A Zimbabwean minister says that Australia has no right to criticise his country’s human rights record because Australia is "too busy enslaving Aborigines".
Information Minister Sikhanyiso Ndlovu criticised Australia and Britain for attempting to be "custodians of human rights in Zimbabwe, (while) threatening not to attend the EU-AU summit if President Mugabe attends."
"Some western countries, in particular Britain and Australia, are self-appointed bullies who infringe on human rights in their own countries," he said.
"Australia is busy traumatising Zimbabwean children while neglecting and enslaving the Australian Aborigines," said Mr Ndlovu.
British Prime Minister Gordon Brown has threatened to boycott the summit, and Australia came under fire recently for expelling children of members of the inner circle of Mr Mugabe's ruling ZANU-PF party.
"Britain must stop the internationalisation of her bilateral problems with our country because of her abrigation of the agreement to pay for land acquisition and her illegal unconstitutional regime change hallucinations."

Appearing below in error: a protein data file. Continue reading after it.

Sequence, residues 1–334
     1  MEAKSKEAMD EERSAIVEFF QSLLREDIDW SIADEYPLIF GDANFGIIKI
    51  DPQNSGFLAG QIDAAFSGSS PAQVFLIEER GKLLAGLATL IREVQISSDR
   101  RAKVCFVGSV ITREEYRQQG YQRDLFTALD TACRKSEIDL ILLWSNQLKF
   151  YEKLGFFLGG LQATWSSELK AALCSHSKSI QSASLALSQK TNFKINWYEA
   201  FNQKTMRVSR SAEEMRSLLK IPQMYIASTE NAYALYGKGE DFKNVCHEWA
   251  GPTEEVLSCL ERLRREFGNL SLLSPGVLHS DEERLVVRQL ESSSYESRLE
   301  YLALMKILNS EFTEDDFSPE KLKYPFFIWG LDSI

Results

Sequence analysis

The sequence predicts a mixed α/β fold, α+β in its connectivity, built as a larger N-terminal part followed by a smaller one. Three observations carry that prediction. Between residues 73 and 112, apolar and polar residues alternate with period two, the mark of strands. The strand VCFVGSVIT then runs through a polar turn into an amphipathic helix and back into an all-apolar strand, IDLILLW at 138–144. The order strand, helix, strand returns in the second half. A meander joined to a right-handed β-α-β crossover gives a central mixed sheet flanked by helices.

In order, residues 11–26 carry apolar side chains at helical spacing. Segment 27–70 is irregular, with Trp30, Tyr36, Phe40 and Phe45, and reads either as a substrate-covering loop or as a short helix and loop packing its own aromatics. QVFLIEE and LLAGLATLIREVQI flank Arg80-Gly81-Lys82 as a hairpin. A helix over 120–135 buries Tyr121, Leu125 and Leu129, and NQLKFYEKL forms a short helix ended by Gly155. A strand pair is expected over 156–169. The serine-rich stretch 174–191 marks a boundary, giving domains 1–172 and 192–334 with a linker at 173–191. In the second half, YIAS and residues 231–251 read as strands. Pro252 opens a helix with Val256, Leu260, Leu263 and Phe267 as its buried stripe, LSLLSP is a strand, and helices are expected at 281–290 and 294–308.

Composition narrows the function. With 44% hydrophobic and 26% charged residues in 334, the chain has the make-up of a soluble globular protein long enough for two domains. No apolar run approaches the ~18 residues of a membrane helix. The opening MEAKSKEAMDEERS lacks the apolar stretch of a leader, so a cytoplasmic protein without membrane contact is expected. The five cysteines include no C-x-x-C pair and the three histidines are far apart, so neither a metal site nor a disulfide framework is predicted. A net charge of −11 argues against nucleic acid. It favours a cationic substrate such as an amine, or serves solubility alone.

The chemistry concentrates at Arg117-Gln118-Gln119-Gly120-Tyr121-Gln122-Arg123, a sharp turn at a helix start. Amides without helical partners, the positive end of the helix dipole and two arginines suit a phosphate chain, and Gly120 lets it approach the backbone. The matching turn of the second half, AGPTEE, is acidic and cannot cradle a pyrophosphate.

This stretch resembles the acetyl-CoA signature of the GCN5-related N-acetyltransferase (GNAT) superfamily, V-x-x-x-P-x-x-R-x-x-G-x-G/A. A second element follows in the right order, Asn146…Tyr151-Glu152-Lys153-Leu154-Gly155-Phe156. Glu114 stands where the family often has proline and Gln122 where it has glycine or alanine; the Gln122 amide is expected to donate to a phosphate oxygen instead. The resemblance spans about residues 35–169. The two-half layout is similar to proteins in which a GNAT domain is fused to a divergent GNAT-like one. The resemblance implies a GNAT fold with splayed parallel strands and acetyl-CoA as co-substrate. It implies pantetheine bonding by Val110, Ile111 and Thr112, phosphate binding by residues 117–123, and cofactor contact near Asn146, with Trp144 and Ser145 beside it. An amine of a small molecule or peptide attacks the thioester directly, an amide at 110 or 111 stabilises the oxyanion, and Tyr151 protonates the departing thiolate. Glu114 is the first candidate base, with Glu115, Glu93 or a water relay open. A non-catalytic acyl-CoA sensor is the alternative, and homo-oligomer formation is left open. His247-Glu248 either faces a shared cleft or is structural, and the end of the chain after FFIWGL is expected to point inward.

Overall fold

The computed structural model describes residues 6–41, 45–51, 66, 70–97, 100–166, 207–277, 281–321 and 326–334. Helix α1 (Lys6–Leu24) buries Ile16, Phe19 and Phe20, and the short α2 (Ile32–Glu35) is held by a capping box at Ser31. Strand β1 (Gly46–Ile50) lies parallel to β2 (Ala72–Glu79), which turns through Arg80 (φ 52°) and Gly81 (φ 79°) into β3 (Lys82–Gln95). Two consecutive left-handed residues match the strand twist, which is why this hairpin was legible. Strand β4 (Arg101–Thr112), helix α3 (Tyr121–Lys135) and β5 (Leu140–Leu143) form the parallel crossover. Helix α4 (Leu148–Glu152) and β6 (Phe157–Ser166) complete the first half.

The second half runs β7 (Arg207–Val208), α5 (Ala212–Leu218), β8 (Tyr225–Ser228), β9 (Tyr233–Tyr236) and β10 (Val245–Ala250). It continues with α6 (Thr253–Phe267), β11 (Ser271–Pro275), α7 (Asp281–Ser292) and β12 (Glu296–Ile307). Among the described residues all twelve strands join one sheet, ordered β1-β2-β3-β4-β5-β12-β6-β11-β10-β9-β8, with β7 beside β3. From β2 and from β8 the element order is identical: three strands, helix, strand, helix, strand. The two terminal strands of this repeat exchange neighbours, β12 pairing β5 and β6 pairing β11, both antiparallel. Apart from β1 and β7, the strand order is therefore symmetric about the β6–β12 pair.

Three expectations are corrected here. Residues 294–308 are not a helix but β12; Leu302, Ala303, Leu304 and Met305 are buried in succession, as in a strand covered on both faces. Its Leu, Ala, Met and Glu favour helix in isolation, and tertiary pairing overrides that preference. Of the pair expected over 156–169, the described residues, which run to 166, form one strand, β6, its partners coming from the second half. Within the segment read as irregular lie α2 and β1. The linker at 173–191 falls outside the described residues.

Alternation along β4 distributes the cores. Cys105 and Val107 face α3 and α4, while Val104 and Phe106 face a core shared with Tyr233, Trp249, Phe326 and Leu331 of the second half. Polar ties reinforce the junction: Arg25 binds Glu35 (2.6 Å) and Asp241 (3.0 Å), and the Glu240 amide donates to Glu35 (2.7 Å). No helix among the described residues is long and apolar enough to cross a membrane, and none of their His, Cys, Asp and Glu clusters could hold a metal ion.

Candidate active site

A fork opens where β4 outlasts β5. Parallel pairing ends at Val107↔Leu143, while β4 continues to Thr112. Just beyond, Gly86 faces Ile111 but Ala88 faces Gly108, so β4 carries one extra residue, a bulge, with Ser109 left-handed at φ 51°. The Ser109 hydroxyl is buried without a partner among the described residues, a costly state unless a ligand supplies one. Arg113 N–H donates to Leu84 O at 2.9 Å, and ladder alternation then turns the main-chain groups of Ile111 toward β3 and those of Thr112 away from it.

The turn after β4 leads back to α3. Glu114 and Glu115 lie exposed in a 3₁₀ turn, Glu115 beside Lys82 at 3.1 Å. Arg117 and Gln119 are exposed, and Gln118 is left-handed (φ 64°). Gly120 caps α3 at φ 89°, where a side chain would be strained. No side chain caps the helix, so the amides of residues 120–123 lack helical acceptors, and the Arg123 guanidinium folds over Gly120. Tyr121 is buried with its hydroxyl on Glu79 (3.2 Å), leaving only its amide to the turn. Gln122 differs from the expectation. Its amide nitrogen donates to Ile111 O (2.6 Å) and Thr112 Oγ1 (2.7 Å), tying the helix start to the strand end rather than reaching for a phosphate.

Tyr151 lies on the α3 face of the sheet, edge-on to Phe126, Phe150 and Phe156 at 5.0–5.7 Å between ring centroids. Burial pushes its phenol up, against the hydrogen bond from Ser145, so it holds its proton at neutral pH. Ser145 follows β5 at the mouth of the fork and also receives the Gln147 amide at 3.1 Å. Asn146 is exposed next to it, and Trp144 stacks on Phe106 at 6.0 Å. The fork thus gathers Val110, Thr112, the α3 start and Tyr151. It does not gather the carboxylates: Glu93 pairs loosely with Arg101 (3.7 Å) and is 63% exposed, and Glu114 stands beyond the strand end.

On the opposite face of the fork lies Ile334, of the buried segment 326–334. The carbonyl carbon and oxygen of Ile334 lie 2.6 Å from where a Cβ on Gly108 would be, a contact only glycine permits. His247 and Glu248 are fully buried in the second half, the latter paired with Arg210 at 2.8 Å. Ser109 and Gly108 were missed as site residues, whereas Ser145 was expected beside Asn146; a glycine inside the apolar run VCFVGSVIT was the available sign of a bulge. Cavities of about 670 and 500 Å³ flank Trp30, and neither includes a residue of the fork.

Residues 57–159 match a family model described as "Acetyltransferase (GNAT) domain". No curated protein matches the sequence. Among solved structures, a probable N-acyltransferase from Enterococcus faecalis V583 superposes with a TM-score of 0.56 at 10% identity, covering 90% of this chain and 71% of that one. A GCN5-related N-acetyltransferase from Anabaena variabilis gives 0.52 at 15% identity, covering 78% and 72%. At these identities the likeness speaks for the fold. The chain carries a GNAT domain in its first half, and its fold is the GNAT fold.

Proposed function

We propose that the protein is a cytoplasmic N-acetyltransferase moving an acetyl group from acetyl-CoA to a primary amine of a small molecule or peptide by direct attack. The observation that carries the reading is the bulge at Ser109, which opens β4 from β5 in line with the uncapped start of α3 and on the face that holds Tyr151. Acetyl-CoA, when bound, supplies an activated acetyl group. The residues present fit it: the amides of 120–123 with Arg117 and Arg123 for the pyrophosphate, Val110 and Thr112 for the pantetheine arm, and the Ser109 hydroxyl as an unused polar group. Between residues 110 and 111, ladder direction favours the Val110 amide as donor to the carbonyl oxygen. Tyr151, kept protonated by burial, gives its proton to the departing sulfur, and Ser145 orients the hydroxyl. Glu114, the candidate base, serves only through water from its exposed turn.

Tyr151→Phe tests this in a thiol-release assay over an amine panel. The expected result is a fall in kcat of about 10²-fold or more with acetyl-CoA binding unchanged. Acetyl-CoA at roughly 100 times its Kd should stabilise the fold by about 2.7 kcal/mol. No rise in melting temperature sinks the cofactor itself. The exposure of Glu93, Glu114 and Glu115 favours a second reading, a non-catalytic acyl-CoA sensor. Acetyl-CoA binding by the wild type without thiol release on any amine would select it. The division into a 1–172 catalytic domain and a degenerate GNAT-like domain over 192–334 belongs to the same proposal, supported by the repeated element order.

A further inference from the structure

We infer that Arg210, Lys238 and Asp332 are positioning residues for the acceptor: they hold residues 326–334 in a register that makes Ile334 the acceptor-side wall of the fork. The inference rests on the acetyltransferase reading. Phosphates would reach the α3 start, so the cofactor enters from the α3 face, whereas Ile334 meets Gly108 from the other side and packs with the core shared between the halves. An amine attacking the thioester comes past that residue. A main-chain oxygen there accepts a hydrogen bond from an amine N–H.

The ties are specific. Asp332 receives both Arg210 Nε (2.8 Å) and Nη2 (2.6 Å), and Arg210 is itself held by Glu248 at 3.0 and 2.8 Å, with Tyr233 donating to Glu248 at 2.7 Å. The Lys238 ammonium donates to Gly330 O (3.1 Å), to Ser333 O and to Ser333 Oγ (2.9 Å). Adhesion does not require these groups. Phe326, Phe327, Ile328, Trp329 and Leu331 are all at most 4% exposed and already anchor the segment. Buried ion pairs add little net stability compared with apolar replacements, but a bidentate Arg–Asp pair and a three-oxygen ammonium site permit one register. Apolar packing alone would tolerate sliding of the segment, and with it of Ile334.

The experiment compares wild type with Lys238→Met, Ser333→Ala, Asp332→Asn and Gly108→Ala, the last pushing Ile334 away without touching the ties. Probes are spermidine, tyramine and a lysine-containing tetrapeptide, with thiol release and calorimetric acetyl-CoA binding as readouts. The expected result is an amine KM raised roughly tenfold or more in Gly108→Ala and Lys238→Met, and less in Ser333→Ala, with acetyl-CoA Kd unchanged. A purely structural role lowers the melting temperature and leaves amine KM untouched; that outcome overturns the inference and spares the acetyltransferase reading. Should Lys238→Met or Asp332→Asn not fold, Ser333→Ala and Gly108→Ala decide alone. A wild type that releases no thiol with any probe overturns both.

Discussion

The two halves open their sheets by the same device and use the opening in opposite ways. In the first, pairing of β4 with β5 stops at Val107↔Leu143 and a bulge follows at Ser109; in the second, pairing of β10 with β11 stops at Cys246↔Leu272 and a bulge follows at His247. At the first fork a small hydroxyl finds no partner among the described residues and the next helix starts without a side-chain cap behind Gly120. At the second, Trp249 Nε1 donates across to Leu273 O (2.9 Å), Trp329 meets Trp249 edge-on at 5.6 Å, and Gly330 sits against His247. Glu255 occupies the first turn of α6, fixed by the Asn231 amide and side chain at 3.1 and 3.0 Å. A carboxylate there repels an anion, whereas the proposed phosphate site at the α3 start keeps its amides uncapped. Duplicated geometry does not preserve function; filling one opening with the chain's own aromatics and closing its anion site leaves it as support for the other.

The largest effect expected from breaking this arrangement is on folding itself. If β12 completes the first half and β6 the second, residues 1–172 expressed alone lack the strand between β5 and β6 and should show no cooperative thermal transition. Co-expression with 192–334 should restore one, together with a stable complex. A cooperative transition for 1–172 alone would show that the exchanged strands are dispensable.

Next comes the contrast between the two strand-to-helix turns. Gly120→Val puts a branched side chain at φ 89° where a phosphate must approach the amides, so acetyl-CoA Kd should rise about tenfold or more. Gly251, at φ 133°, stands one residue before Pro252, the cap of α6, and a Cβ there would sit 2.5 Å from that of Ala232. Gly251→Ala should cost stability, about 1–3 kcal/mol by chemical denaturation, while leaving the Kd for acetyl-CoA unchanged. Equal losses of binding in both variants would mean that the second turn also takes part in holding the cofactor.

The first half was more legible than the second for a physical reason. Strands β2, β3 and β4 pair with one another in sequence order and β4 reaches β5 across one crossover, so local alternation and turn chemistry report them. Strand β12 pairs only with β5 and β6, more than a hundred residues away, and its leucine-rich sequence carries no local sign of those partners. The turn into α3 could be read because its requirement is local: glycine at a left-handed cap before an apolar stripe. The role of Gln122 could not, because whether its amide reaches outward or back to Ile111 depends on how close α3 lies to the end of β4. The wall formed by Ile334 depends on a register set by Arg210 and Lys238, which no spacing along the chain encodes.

Mugabe would ‘divert attention’
Mr Ndlovu said if the EU puts pressure on the bloc's president Portugal to bar Mr Mugabe from attending December's summit in Lisbon, countries in the Southern African Development Community (SADC) bloc and the African Union would not attend.
"That will be the EU's doomsday, not the AU, not SADC and certainly not President Mugabe and not Zimbabwe," he said.
Mr Brown said in a newspaper article he will boycott the key summit if Mr Mugabe is allowed to attend, saying the president's presence would divert attention from crucial issues.
The EU has imposed a travel ban on Mugabe, 83, and members of his ruling elite and Mr Brown said he would persuade the EU to extend the travel embargo to include the families of those targeted.
The travel ban has long hampered efforts to organise a second summit between the European Union and African states.
The first was held in Cairo in 2000.
Portugal, which holds the EU's rotating presidency, has said that it has no intention of discriminating against Mr Mugabe in relation to the December 8-9 summit in Lisbon.